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Should the plan’s administrator reverse the loan default?


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BenefitsLink neighbors, what do you think about this not-repaid loan story?

On February 13, 2023, the participant took a $10,000 loan.

The participant received the check and the promissory note, showing that her first payment was due on April 7, 2023.

The recordkeeper sent the loan file. The employer admits it erred in not uploading the loan file to payroll’s systems.

No loan repayment was taken from the participant’s wages.

On August 14, 2023, the recordkeeper sent the participant a letter informing her that, if she does not pay, her loan will default. The participant does not admit she received this letter. Yet, the address is the same address to which the $10,000 check was sent, and, one assumes, received—because the check was deposited.

The recordkeeper’s record shows the participant loan defaulted on September 29, 2023.

In early 2024, the participant received a Form 1099-R, reporting the unpaid loan.

The participant is 62, and works part-time. The plan treats the participant as not severed from employment. The plan does not provide a distribution on age 59½. The plan provides none of the SECURE 2019 or SECURE 2022 early distributions. The participant is ineligible for any further loan.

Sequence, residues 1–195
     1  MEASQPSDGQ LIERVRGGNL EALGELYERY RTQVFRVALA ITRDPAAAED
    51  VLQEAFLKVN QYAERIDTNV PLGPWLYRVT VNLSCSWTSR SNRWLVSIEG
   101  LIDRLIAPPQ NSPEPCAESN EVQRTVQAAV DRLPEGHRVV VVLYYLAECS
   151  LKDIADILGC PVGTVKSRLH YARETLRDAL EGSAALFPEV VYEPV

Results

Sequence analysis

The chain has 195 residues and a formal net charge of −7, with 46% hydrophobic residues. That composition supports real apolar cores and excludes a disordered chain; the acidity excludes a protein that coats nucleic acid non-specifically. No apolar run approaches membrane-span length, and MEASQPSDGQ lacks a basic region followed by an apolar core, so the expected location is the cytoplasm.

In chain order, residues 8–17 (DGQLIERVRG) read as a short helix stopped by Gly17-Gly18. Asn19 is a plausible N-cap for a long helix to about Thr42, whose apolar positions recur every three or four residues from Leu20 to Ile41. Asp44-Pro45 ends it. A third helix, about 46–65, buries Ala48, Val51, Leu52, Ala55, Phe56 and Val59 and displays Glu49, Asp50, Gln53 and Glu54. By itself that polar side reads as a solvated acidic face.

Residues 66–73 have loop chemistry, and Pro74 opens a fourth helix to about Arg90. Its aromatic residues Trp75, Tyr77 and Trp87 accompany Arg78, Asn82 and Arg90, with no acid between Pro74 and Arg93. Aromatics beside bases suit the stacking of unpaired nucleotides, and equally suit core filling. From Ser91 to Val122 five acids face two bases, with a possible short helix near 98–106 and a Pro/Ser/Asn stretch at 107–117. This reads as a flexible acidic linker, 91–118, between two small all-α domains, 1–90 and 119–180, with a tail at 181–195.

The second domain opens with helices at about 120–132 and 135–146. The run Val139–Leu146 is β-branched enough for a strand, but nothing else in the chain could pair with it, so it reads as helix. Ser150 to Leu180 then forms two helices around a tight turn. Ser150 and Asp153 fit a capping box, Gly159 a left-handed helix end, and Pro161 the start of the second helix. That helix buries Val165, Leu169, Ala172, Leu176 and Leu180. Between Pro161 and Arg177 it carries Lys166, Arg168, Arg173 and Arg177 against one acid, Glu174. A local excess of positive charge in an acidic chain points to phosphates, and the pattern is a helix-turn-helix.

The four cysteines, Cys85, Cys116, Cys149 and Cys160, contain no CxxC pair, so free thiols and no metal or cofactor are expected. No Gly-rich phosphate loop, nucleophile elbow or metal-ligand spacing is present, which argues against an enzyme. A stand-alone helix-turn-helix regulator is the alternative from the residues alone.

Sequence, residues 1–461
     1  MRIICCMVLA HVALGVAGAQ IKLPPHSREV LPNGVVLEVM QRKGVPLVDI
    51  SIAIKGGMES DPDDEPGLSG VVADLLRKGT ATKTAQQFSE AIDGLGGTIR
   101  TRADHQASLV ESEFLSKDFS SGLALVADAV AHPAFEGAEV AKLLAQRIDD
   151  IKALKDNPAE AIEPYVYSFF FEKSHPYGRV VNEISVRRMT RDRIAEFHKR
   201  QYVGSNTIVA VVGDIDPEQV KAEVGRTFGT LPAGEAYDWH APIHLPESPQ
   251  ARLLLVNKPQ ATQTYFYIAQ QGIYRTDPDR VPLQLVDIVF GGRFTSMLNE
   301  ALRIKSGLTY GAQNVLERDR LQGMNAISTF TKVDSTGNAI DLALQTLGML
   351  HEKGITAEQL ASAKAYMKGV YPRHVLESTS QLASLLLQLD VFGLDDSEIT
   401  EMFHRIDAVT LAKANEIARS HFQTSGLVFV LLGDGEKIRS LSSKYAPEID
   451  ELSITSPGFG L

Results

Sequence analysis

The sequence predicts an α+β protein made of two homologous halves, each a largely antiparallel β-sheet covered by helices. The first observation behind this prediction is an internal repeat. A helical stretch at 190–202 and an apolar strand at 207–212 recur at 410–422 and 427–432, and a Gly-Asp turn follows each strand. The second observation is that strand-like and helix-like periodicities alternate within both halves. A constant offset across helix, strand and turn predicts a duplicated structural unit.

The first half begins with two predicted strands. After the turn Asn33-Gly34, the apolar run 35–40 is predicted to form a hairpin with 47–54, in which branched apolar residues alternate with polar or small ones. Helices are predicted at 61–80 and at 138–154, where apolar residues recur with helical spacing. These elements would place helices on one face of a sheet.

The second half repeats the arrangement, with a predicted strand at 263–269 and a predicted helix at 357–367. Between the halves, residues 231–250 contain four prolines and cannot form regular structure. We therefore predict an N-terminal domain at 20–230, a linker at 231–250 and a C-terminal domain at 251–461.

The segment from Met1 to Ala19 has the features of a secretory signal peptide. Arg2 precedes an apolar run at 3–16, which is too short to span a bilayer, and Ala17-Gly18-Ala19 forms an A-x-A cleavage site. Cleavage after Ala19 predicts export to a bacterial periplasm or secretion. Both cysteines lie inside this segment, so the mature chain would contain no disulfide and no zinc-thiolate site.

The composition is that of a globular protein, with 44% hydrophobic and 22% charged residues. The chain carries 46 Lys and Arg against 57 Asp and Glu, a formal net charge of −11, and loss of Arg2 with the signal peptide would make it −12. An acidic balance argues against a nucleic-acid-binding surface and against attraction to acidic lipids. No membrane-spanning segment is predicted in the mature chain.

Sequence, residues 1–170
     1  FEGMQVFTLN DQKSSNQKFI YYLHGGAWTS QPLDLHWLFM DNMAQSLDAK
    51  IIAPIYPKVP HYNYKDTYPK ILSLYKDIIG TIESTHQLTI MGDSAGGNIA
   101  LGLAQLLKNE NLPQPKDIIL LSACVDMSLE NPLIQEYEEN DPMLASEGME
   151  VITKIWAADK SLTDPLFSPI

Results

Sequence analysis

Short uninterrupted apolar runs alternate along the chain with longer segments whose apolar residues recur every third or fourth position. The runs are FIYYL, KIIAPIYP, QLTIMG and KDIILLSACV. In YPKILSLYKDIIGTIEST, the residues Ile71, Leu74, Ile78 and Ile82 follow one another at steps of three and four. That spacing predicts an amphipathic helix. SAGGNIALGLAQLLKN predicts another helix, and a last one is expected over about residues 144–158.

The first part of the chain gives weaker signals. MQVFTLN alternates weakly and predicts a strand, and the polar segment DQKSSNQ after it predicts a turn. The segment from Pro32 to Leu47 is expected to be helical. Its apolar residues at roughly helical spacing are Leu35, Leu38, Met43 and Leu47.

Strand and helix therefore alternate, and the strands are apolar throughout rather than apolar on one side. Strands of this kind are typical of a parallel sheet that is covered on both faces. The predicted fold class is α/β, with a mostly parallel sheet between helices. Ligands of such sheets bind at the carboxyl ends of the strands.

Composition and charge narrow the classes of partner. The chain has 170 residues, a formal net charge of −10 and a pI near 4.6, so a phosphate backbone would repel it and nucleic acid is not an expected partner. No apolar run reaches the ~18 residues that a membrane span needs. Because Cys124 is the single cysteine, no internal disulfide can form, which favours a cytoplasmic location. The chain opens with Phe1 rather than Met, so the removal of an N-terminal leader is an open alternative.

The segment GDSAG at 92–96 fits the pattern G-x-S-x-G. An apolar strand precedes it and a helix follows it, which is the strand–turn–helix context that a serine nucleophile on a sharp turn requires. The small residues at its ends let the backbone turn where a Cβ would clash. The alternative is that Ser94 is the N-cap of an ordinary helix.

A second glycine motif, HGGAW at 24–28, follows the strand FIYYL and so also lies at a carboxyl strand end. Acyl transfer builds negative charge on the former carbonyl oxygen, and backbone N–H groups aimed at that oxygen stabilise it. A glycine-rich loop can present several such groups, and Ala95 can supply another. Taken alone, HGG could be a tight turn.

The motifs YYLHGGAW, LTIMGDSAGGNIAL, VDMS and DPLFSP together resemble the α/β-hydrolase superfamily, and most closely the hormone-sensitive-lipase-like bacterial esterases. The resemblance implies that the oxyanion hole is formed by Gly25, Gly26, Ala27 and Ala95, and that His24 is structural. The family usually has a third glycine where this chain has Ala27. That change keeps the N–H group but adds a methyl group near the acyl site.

The participant asserts she has no computer. That includes lacking a mobile device beyond an old flip phone.

The participant asserts that she never looks at her pay confirmations.

The participant asserts that she was unaware of any problem about the loan until she received the Form 1099-R report.

The participant complains that she lacks money to pay even her Federal income tax (there is no State income tax) on the extra $10,000 income.

If the plan’s administrator (a committee of the employer) believes the participant’s statement that she did not notice any problem about the loan until she received the Form 1099-R, should the administrator direct the recordkeeper and trustee to reverse the loan default?

Peter Gulia PC

Fiduciary Guidance Counsel

Philadelphia, Pennsylvania

215-732-1552

Peter@FiduciaryGuidanceCounsel.com

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Obviously the employer was in error. But I don't believe the participant asserting that she doesn't look at her pay confirms. Anyone on a tight budget does. And anyone that is 62 and a Luddite, I guarantee is reconciling her checkbook constantly. She knew.

If I was the employer, I would let it stand. But I would offer to give her an employer loan of $X to cover the extra federal taxes to be paid back over the next year.

William C. Presson, ERPA, QPA, QKA
bill.presson@gmail.com
C 205.994.4070

 

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I have seen similar situations that fit this fact pattern and how each situation was resolved has varied.  There are four parties involved:  the participant, payoll, the recordkeeper, and the plan administrator.